The discovery by a team of Spanish researchers and Michael S. Engel, a KU Biodiversity Institute entomologist and professor of ecology and evolutionary biology, was based on the study of an amber piece found in 2008 in the El Soplao outcrop (Cantabria, Northern Spain), the Mesozoic’s richest and largest amber site in Europe.  The study is being published this week in the prestigious Proceedings of the National Academy of Sciences (PNAS).

The fossil, about four millimeters long, is a predatory larva of the order Neuroptera (lacewings and their relatives). It is covered by a tangle of plant filaments that it collected with its jaws to form a defensive shield and camouflage itself. This survival strategy, sometimes called “trash carrying,” is observed in current species to render them nearly undetectable to predators and prey.

Related to current green lacewings, the fossil represents a new genus and species designated Hallucinochrysa diogenesi. The name alludes to its “mind-blowing appearance,” the researchers said, and its resemblance to Diogenes syndrome, a human behavioral disorder characterized by compulsive hoarding of trash. 

The research identified the filamentous plant remains composing the larval trash packet as trichomes, or plant hairs with diverse shapes and functions. The trichomes are thought to belong to a specific group of ancient ferns.

Today green lacewing larvae harvest plant materials or even detritus and arthropod remains and carry them on their backs, nestled among small tubercles with hairs. On the contrary, Hallucinochrysa diogenesi possessed a bizarre characteristic: it possessed extremely elongate tubercles, with hairs that had trumpet-shaped endings acting as anchoring points. All this structure, completely unknown until now, formed a dorsal basket that retained the trash and prevented it from sliding when the insect moved.

Hallucinochrysa diogenesi demonstrates that camouflage strategy and its necessary morphological adaptations appeared early and was well developed during the era of the dinosaurs. In the case of green lacewings, this complex behavior has been around for at least 110 million years. This is significant for evolutionary studies pertaining to animal behavior and the adaptative strategies of organisms throughout Earth’s history.

The study also shows an ancient and close plant-insect interaction — possibly an example of mutualism: the predatory larvae saved ferns from plagues, whereas ferns provided larvae with a habitat and protection. In a Cretaceous environment where resin forests in the ancient Iberian Peninsula were razed by wildfires, this larva collected remains from a fern that grew abundantly after wildfires.

The El Soplao outcrop, where the discovery was made, is one of the most important localities aiding researchers to unravel questions about Earth history, ancient forest ecosystems, and the evolution of major invertebrates lineages such as the insects.

In addition to Engel, the researchers who participated in the study are: Ricardo Pérez-de la Fuente and Xavier Delclòs, of the University of Barcelona (Spain); Enrique Peñalver, from the Geomineral Museum in Madrid; and Mariela Speranza, Carmen Ascaso and Jacek Wierzchos, from the National Museum of Natural Sciences of the Spanish National Research Council.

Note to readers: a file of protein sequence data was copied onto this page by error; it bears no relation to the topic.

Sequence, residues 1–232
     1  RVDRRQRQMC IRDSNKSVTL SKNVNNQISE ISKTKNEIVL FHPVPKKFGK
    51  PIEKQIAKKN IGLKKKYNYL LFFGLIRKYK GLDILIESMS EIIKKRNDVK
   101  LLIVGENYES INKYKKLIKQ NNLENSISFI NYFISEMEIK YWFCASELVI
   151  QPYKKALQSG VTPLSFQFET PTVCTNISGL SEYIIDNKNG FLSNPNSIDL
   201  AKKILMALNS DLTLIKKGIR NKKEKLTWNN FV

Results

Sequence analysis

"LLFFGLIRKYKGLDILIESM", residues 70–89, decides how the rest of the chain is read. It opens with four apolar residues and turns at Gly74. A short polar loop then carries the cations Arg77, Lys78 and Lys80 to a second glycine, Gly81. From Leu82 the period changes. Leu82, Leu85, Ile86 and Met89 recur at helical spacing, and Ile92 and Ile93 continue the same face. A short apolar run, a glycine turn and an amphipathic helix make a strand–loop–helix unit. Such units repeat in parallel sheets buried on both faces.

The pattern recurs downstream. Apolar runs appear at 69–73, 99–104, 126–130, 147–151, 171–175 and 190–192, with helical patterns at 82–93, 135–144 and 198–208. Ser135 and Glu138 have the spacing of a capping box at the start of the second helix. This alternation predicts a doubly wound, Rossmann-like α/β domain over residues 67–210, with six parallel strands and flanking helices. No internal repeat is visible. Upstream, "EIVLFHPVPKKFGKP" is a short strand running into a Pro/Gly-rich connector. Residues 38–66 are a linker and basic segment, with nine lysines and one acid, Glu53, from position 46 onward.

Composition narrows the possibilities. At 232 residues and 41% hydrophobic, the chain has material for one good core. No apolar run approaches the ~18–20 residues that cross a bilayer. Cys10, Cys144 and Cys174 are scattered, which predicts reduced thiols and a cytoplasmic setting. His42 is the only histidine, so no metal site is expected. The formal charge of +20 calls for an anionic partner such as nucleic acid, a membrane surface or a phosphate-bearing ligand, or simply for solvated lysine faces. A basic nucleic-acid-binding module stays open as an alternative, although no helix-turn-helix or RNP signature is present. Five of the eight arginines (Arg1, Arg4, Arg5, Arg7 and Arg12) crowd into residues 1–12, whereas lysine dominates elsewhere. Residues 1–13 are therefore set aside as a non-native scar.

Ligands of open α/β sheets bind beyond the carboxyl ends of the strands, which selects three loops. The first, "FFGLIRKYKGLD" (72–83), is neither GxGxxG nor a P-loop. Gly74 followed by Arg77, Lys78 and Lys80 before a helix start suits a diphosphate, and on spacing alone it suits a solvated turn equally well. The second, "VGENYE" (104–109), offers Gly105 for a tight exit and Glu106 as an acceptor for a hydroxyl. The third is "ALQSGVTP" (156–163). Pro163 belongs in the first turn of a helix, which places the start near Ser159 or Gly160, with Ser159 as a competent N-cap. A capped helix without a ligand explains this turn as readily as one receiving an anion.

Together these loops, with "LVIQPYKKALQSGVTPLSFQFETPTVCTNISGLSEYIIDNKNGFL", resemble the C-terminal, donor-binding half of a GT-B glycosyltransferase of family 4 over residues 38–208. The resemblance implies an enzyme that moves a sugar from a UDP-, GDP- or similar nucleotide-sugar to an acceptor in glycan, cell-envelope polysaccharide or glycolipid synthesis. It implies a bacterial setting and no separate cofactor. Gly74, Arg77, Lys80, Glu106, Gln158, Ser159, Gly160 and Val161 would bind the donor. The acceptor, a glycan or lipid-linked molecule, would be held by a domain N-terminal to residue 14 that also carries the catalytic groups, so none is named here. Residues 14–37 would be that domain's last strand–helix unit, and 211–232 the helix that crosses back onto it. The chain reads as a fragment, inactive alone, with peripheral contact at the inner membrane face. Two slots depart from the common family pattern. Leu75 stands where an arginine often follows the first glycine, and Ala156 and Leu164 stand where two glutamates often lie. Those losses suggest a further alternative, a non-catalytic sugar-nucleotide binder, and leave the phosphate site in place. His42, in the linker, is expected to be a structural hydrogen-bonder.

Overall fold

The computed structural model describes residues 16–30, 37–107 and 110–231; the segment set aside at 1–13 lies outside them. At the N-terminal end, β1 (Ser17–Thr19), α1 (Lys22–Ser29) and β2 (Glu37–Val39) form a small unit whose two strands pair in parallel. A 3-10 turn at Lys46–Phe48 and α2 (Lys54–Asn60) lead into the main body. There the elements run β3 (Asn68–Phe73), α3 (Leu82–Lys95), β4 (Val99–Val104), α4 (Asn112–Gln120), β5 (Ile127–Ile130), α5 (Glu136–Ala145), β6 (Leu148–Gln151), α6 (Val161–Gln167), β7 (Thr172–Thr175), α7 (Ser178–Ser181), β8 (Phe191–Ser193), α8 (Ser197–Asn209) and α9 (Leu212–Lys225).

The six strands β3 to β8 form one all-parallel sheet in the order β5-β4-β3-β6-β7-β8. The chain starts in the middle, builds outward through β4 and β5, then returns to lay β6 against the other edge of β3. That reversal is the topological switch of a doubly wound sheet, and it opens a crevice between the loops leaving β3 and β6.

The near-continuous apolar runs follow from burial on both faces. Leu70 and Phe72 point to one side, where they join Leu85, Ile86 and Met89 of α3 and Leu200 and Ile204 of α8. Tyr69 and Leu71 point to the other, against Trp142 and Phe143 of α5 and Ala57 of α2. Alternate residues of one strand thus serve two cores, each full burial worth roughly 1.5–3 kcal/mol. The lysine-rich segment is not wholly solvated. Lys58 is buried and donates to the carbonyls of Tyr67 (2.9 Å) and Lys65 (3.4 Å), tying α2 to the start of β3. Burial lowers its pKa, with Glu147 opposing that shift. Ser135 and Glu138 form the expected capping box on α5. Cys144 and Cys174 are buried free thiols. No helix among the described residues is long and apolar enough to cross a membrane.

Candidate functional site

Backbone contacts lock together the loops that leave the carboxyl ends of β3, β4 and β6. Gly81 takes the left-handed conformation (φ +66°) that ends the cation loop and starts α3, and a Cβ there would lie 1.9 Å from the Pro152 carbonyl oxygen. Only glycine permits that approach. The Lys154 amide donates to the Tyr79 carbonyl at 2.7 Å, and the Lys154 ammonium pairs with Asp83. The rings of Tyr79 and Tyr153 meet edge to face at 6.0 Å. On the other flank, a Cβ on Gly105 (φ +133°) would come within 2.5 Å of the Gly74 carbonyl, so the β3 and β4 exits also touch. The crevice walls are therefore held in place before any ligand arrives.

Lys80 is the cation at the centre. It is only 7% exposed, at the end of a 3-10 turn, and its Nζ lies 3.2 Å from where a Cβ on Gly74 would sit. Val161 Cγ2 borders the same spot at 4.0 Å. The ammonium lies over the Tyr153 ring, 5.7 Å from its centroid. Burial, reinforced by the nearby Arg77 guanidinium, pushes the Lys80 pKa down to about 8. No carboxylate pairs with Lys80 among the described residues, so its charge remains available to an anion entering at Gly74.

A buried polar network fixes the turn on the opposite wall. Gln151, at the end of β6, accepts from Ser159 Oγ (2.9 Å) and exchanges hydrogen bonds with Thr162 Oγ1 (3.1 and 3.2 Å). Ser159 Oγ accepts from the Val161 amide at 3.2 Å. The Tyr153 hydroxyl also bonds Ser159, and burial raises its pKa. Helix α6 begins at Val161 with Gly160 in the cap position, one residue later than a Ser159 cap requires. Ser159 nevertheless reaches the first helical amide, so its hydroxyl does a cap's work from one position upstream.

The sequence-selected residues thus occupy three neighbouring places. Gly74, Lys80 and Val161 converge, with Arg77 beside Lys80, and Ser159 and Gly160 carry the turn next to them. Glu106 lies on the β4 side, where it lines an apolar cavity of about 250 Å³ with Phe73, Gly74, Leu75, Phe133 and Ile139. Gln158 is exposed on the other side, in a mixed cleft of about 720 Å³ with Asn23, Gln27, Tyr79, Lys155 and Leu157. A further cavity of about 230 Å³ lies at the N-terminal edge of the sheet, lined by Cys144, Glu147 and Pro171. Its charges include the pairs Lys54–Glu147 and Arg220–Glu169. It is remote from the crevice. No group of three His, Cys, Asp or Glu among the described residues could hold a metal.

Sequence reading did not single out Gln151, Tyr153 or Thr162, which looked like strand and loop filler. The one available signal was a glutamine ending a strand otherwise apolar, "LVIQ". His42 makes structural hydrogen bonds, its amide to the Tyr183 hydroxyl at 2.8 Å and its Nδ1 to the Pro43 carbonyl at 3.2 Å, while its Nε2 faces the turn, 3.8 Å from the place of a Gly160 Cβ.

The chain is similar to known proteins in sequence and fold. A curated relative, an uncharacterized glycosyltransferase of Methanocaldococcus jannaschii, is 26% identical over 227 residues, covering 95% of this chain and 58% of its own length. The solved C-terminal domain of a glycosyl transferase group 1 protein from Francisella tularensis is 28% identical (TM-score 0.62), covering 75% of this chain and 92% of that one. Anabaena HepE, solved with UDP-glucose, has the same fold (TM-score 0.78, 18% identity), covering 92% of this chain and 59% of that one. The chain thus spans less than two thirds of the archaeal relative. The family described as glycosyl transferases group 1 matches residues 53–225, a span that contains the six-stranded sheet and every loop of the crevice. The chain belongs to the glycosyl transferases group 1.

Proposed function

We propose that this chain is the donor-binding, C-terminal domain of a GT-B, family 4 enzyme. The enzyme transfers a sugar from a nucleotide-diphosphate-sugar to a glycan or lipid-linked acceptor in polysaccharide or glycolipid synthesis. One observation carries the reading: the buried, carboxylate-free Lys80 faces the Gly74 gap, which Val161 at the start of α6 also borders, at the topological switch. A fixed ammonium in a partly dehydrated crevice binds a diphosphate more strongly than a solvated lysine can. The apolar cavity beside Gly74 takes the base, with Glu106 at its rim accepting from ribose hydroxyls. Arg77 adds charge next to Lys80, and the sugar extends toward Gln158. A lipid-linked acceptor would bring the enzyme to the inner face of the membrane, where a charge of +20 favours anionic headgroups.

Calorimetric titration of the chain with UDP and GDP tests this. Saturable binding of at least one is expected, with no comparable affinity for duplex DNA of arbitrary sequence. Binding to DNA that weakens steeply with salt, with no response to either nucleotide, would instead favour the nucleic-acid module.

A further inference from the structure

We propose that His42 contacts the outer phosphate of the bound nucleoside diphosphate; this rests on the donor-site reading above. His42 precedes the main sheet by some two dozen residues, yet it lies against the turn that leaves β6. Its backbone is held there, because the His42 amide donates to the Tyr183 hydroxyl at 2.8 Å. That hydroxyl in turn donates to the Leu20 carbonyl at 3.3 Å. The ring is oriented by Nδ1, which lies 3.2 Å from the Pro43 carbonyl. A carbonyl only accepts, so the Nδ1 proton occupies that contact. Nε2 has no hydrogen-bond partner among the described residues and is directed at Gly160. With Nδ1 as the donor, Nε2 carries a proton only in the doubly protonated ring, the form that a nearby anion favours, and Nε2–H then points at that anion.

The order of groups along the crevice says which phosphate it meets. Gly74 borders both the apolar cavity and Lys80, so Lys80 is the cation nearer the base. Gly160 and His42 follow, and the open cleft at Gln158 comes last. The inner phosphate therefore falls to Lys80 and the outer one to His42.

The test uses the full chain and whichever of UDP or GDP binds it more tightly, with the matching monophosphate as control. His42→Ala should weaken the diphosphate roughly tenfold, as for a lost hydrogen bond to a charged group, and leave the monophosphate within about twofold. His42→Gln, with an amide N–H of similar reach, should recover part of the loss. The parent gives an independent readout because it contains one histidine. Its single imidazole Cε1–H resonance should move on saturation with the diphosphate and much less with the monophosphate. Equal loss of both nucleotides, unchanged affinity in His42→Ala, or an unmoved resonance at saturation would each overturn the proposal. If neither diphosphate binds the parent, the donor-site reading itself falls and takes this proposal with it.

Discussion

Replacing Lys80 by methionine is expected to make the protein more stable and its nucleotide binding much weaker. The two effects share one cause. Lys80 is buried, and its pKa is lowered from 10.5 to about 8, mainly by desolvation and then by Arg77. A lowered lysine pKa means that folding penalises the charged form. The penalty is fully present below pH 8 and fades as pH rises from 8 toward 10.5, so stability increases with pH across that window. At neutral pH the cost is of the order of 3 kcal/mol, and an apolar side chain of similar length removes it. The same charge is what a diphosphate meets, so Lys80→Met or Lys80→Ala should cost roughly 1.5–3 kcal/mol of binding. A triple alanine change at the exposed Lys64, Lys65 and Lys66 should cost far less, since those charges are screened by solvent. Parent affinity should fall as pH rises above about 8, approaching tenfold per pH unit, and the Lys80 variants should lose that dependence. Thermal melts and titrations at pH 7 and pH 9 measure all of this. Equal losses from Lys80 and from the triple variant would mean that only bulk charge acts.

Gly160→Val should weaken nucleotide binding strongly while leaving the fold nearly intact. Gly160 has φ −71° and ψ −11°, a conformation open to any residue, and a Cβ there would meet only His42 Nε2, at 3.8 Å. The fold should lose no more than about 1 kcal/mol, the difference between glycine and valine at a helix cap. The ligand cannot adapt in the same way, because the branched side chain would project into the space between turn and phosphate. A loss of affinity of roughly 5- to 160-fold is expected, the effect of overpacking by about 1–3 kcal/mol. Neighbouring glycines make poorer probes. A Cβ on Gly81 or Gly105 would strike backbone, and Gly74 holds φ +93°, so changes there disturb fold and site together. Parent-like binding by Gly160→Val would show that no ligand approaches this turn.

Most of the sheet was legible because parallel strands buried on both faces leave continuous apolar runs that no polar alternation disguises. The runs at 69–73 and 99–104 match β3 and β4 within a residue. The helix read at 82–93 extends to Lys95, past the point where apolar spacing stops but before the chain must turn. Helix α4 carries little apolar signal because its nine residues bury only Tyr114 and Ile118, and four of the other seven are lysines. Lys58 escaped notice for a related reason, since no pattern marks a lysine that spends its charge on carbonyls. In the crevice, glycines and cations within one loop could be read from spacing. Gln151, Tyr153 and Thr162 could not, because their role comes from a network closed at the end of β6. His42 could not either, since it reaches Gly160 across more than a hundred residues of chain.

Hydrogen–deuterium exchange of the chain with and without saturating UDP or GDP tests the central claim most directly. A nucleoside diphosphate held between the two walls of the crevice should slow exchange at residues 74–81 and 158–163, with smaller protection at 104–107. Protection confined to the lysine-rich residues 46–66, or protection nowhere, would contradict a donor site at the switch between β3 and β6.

News Type:
Research News
Friday, August 31, 2012

Bees

A male (above) and female (below) of Thyreus denolii, one of the new species discovered. Image credit: Jakub Straka and Michael
The biota of island archipelagos is of considerable interest to biologists. These isolated areas often act as 'evolutionary laboratories', spawning biological diversity rapidly and permitting many mechanisms to be observed and studied over relatively short periods of time. Such islands are often the places of new discoveries, including the documentation of new species.

The Republic of Cape Verde comprises 10 inhabited islands about 570 kilometers off the coast of West Africa and have been known since at least 1456. Although the bee fauna of the islands was thought to be moderately well known, research by Jakub Straka of Charles University in Prague and Michael S. Engel of the KU Biodiversity Institute have shown that this is not the case. A recent study published in the open access journal ZooKeys documents the cuckoo bee fauna of the islands, revealing that their entire fauna of cuckoo bee species is in fact new to science.

News Type:
Research News
Thursday, August 2, 2012

As scientists have toiled to chronicle of the evolution of insects, a frustrating blank spot in the fossil record has masked one of the most critical points in insects’ development — the Devonian, or roughly 365 million years ago.

The biodiversity of insects, the greatest radiation of all life today, during the Devonian is captivating to researchers because it was around this period when insects first diversified. They developed novel feeding strategies and first evolved wings, becoming the original organisms on Earth to evolve powered flight.

“Insects do have a good fossil record, but unfortunately not from this critical time period,” said Michael Engel, professor of ecology and evolutionary biology at the University of Kansas. “Prior to this, only two definitive insects have been recorded from the Devonian, and both are exceptionally fragmentary.”

Now, Engel and colleagues have described the first complete insect fossil from the Devonian. The specimen illuminates the timing of changes to insect biology that resulted in flight. Their findings appear in the Aug. 2 issue of Nature.